• Arrange your notes not in linear, but in hierarchical form: isolate the one central idea (there is hardly ever more than one), then make everything else subordinate to this idea > this will help you and the audience to come to terms with the topic
  • Put yourself in the audience's place: What would you yourself like to hear, how would you like things to be presented, what information would you need to understand the presentation?
  • Make sure you know exactly how to start
  • Give the presentation a trial run at home, speaking from your notes, and add notes at points where you get stuck > this helps you to combat nervousness
  • Make additional notes in the margin (different colour pen) to remind you what to do when (put on a transparency, for example) and where what is (transparency, handout etc.)


  • Make sure your talk is considerably shorter than the material you present > otherwise the audience might as well read the texts themselves
  • Do not read, speak from notes > the occasional repetition or slip is useful rather than obstructive, spoken language is easier to take in than written language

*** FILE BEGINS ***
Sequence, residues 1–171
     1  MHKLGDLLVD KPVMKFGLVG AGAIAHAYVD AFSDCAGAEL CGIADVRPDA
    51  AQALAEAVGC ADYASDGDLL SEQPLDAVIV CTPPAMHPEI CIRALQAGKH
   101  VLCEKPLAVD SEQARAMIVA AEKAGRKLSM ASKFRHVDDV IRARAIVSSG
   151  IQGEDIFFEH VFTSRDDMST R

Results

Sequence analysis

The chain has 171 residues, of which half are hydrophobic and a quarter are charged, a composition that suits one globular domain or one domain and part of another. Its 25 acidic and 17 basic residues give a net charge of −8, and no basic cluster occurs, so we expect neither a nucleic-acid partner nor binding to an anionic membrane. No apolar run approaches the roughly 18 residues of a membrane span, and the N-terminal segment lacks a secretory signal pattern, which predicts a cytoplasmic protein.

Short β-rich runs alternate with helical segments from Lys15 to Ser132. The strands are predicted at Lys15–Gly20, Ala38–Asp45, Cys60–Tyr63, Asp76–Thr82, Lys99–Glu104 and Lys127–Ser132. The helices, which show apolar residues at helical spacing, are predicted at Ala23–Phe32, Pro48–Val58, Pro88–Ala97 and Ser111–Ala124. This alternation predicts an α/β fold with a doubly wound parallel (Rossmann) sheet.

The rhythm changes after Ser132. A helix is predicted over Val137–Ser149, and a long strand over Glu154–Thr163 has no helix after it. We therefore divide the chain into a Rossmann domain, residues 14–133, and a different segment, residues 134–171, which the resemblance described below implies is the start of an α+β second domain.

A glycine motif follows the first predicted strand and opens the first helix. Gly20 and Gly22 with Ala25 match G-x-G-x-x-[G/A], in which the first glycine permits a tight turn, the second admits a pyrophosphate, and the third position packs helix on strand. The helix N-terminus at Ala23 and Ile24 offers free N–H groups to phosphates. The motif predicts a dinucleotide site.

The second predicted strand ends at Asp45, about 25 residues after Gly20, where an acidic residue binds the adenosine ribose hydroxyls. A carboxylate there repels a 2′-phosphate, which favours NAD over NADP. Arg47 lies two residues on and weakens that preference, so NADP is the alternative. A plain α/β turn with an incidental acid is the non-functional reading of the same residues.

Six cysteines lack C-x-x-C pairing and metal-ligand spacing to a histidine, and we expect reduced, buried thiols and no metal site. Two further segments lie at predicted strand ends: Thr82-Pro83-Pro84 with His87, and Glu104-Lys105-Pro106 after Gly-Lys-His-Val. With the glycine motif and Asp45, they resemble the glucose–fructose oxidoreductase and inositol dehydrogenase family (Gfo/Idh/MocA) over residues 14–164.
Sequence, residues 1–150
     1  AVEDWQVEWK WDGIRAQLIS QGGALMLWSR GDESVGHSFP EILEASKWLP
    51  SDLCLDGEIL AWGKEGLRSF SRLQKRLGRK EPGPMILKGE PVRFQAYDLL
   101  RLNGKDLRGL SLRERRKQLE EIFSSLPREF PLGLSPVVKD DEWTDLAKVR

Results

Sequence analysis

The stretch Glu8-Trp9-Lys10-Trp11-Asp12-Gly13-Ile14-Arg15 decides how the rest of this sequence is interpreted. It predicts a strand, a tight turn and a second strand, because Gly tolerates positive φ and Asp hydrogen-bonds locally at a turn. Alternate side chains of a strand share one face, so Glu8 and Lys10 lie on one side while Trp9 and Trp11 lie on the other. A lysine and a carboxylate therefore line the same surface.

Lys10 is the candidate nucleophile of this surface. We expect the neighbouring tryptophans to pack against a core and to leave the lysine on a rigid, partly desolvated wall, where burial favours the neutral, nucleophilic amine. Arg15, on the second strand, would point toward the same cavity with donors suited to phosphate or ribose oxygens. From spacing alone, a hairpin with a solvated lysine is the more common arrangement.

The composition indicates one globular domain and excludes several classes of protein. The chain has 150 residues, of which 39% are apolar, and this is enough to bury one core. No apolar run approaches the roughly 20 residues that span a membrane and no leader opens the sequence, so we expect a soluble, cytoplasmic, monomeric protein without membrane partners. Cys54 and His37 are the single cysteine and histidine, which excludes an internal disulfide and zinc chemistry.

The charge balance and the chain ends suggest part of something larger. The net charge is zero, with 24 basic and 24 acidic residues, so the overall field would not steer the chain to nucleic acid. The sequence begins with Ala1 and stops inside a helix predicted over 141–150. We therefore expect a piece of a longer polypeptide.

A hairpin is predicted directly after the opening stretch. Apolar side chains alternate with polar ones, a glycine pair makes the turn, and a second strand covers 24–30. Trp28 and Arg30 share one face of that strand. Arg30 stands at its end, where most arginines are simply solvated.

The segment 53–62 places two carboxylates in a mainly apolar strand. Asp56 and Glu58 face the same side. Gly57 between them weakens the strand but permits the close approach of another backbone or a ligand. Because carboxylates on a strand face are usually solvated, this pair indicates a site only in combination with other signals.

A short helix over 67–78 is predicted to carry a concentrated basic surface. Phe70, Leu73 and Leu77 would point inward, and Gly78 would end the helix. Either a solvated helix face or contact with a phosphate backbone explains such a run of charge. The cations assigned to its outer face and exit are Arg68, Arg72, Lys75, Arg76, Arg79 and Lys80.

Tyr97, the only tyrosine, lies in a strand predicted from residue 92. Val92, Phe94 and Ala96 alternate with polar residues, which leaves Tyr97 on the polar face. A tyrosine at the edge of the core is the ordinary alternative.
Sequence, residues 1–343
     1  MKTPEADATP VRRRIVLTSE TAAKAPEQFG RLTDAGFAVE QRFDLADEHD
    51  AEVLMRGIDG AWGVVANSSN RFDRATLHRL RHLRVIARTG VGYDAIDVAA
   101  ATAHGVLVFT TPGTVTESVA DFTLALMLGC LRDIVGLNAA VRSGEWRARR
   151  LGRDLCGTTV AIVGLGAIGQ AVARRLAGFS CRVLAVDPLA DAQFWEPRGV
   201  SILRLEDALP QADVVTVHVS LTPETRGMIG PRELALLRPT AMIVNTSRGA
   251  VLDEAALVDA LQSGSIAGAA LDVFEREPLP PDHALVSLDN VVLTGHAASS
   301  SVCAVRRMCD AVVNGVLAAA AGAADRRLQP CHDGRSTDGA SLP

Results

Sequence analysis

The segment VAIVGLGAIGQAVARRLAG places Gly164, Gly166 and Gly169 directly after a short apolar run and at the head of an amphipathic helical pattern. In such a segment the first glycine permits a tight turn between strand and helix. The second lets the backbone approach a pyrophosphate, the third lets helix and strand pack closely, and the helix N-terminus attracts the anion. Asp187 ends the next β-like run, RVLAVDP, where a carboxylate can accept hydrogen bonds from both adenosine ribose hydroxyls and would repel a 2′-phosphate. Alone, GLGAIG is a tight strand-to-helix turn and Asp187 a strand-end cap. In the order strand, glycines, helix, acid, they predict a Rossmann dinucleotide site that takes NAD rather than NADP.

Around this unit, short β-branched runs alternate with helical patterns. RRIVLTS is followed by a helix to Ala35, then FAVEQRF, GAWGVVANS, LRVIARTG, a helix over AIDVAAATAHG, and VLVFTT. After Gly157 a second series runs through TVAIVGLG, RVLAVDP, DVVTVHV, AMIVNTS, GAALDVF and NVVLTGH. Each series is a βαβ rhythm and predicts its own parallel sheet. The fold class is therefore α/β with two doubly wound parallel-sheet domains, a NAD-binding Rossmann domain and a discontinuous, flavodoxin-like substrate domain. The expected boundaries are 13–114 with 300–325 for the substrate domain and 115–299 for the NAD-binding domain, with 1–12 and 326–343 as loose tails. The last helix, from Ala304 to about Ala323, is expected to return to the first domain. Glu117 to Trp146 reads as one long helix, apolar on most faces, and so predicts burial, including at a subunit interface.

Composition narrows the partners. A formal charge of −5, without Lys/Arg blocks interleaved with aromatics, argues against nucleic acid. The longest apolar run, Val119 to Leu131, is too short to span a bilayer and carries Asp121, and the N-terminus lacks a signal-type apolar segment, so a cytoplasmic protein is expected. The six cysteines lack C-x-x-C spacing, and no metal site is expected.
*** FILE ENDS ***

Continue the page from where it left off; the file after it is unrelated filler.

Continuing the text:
• Do not make too much demand on the audience's attention > stress or repeat or write down important words or ideas
  • Speak to the whole audience (eye-contact), not to the lecturer only
  • Vary your talk as to voice, presentation techniques, speed etc.
  • Allow time for information to be taken in by the audience > when they read do not talk at the same time
  • Avoid hectic and uncontrolled movements and hectic and uncontrolled speech


  • Long handouts have a tendency to be filed rather than read > make them as short as possible or, if you prefer a handout to be a summary of the article, hand it out after the talk
  • Only use a handout if it is really useful (general structure of the argument, for example, or text passages that you refer to in your talk), not to show how hard you have worked
  • Avoid mistakes on handout: check thoroughly at home or get somebody else to check, use spellchecker


  • Make sure everyone in the audience can see the transparency > do not stand in front of it and cover it up
  • Make sure everyone can read the transparency > use large type size and bold types (PC) or enlargement (photocopies)
  • Use transparencies particularly for pictures/diagrams etc. or texts that you only uncover little by little